Issue 390 2023-10-19
Welcome to another issue of Haskell Weekly! Haskell is a safe, purely functional programming language with a fast, concurrent runtime. This is a weekly summary of what’s going on in its community.
Convenience in Haskell: Ergonomics of Cabal by Vance Palacio
Should we be trying to create some type of wrapper around hpack/cabal that focuses on user experience, avoiding the work of creating a cabal exact-printer, not burdening cabal maintainers with thinking about perfect UX, and leaving cabal alone to be a good packaging tool/power user tool?
Episode 35 – Iavor Diatchki by The Haskell Interlude
Wouter and Niki are joined by Iavor Diatchki to talk about his experience with different Haskell development styles, writing a high assurance wiki in php, and maintaining Haskell code across different GHC releases over multiple decades.
GHC activities report: August–September 2023 by Well-Typed
This is the twentieth edition of our GHC activities report, which describes the work on GHC and related projects that we are doing at Well-Typed. The current edition covers roughly the months of August and September 2023.
rhine-bayes: A library for online reactive Bayesian inference by Manuel Bärenz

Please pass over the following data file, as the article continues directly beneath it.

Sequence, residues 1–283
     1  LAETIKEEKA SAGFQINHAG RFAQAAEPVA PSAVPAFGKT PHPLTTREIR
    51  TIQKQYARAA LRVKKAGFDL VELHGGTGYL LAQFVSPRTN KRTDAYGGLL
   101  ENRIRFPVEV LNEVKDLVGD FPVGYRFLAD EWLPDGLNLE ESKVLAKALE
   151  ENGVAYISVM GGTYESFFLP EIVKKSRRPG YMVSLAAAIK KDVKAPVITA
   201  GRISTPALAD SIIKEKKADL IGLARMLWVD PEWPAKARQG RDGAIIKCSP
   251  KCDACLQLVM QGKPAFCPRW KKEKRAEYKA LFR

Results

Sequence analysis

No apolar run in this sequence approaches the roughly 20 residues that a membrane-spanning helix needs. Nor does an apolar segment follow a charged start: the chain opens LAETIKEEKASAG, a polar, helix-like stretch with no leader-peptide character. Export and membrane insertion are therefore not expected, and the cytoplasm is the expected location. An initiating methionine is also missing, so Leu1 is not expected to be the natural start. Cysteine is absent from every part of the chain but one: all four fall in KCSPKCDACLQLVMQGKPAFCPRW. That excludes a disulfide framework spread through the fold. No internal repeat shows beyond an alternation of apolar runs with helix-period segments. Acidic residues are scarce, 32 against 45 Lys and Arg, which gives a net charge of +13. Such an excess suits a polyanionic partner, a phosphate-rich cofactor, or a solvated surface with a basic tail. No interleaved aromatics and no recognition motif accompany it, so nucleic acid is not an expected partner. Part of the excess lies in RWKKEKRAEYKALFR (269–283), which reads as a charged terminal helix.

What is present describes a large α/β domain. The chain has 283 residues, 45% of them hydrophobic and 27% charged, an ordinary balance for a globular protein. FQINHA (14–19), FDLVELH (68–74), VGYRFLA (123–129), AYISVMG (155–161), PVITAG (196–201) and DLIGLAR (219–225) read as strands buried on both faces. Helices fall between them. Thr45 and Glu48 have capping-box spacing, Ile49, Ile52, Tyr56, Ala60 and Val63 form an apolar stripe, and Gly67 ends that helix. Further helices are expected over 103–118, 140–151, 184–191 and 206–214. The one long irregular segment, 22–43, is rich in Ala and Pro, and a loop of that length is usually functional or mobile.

In this blog post, we will learn how to include Bayesian machine learning in a reactive
Release: stan, extending support to GHC 9.6 by Tom Ellis
I’m pleased to announce an even newer release of
stan, a static analysis tool for Haskell. This release extends last week’s release by adding support for 9.6, extending the supported range to 8.8-9.6.
“Super Haskell”: an introduction to Agda by André Muricy
Use traversals for batch operations by Oleg Grenrus
Often enough we have an API which may (or need) to provide a batch operation: “give me many inputs, and I’ll give you many outputs”.
Trying to hire a Haskell developer? You should advertise with us!
Reasonable type aliases and patterns for the AST definitions of “aeson”, which are unlikely to cause any conflicts when imported unqualified.
Show & tell
- DevOps Weekly Log, 2023-10-18 by Bryan Richter
I was able to contribute to the recent Cabal release by repairing some problems with the release pipeline. I’ve also started working on the Stackage migration.
Call for participation
Workshop on the Implementation of Type Systems (WITS) ‘24 by Richard Eisenberg
We invite participants to share their experiences, study differences among the implementations, and generalize lessons from those. We also want to promote the creation of a shared vocabulary and set of best practices for implementing type systems.